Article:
Create Custom Reports From Pivot Tables

If you're a pivot table fan, like I am, you know how quick and easy it is to summarize a massive amount of data, with just a few clicks. You can show sums, counts, averages, and other totals, without using any fancy formulas.

In the screen shot below, the pivot table is summarizing income and expenses, and there is a Slicer at the top left, for quick filtering.


Formatting Restrictions

As wonderful as pivot tables are, they do have some limitations, and you might not be able to get the layout exactly the way you need it. In the screen shot below, you can see a P & L statement, based on the same data as the previous pivot table.

You'd never be able to get the pivot table in exactly this layout, with its blank rows, and formatting, and there are additional formulas at the right side too.


Create a Custom Report

Roger Govier is a pivot table fan too, and he has created a solution for building his own custom reports, like the P & L statement shown above. Roger creates a pivot table first, and then he uses the GetPivotData function, to pull specific data into his custom layout.

In the formulas, Roger uses cell references to the row and column headings, so he just has to create one GetPivotData formula, then copy it into all the data cells of the custom layout.

Another smart trick is that Roger adds headings at the top of the sheet too, and refers to those cells, instead of hard coding the field names into the formulas.


Use INDEX and MATCH Instead

If you don't want to use the GetPivotData function, Roger also show how you can create named ranges, based on the pivot table. Then, use the INDEX and MATCH functions to extract the applicable data, and build the custom report.

He even has sample code that you can use, to automate building the named ranges.

Download the Sample File

To see the detailed instructions, and download Roger's sample file (with or without the VBA code), please visit the Build Custom Reports With GetPivotData page, on my Contextures website.


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10 Responses

  1. XLarium says:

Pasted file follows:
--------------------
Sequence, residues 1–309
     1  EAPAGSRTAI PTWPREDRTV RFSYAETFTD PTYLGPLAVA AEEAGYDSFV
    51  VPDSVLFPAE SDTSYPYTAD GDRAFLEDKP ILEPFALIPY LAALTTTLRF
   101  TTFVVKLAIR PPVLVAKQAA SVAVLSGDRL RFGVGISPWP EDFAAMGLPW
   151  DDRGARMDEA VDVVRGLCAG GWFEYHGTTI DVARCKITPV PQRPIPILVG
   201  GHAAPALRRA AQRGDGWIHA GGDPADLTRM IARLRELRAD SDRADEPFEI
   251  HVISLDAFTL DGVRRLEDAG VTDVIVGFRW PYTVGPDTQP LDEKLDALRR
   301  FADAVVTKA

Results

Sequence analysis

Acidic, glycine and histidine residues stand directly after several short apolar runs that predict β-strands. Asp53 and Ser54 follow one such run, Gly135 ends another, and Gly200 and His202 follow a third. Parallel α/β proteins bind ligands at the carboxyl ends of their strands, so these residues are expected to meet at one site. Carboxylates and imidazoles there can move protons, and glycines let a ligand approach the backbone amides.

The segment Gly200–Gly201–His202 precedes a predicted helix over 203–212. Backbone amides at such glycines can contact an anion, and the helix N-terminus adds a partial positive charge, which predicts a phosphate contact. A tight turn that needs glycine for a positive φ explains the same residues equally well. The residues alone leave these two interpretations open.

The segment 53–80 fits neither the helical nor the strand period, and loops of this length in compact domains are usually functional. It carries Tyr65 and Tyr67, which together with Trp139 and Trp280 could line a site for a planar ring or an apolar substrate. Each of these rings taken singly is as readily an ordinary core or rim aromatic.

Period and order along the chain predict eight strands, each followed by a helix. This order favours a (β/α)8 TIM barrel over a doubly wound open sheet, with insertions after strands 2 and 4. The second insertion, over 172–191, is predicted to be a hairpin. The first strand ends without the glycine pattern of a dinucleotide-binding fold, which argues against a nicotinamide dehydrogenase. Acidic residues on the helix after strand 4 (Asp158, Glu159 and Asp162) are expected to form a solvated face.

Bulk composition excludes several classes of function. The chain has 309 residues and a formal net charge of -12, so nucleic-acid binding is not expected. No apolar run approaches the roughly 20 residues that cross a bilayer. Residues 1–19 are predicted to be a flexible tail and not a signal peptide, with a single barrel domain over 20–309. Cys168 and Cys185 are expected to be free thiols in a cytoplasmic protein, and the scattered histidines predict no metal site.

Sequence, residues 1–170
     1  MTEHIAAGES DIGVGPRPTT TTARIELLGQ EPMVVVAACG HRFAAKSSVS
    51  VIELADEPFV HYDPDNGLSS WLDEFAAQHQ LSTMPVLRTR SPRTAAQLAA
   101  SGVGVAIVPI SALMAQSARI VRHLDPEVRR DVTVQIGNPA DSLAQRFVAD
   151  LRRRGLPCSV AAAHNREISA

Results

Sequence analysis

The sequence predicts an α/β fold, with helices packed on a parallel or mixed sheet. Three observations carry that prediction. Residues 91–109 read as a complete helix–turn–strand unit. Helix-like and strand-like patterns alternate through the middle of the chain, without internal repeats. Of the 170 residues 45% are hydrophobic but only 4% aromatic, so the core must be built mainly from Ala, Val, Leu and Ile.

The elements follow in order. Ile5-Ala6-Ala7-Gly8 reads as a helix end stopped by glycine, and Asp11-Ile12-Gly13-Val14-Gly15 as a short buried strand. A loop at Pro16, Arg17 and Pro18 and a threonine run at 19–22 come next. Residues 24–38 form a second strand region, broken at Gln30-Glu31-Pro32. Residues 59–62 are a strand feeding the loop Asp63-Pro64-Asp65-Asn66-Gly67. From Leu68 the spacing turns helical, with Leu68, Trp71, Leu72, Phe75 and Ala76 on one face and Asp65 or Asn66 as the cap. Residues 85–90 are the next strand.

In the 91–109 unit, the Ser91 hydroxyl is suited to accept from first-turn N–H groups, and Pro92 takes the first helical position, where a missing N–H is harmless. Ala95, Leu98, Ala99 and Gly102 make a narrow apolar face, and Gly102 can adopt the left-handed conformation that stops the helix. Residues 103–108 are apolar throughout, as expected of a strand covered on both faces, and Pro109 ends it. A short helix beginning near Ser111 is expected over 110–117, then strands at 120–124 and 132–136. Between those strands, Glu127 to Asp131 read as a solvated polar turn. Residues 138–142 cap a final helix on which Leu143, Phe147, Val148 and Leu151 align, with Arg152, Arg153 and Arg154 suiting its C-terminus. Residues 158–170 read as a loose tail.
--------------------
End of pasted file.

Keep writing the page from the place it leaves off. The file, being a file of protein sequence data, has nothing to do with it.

Hello Debra

    The link is not correct:

  2. David Henderson says:

    I think the correct link should be:

    Have to say that this looks really useful stuff. Can’t wait to ready fully.

  3. Omar says:

    So I have been dabbling in pivot tables, but never can get them to give me the final information I want. And they always look ugly. I hadn’t been thinking of them as intermediate tables.

    Roger’s article has given me some good food for thought on how I can use pivot tables for the heavy summarizing, and then I can take that information to put into the final report. My default solution has been to use SUMIFS and COUNTIFS (along with a selection of INDEX/MATCH formulas) to pull my information from the data tables, but on large reports, they can be very processor intensive. The pivot table as the middleman won’t reduce the complexity of development or design in my circumstances, but could make the report much more efficient.

    Don’t tell my boss, I’ve selling them on needing a high end laptop for running these reports I’ve been creating!

  4. Roger Govier says:

    PT’s are so much faster and efficient, especially with large datasets so the processing load is much lower.
    A more powerful laptop / computer is never wasted however, especially if you can then use the 64 bit versions of Office.
    Then, you can really have fun with the new “gems” inside Excel, Power Query (it’s to die for) and then Power Pivot and Power view


  5. Omar says:

    I’ve tested this now. An interesting feature is that GETPIVOTDATA only sees filtered information when returning the results. I was able to put Slicers on a report page to control the pivot table. In this way, the user will have very easy control of what range of information they see. They don’t have to even know the pivot table exists!

  6. Roger Govier says:

    Not quite
    That is not an interesting feature of GetPivotData, it is the way that Pivot Tables work.

    When you apply a Slicer, you are applying a filter, and the data returned within the Pivot Table represents what is true for the Slicer applied.
    GetivotData is not “creating” this feature, it is just plucking off the Pivot Table those pieces of data in the Row and Column elements you have specified that are the result of the Slicer setting applied to the PT.

  7. Paul says:

    Thanks for this more comprehensive approach.
    As someone who goes back to before Excel even existed I have always looked at pivot tables as a means to an end rather than an end in themselves. GetPivotData is a great way to allow presentation of data in useful ways for end users without them needing to understand how the figures got there.

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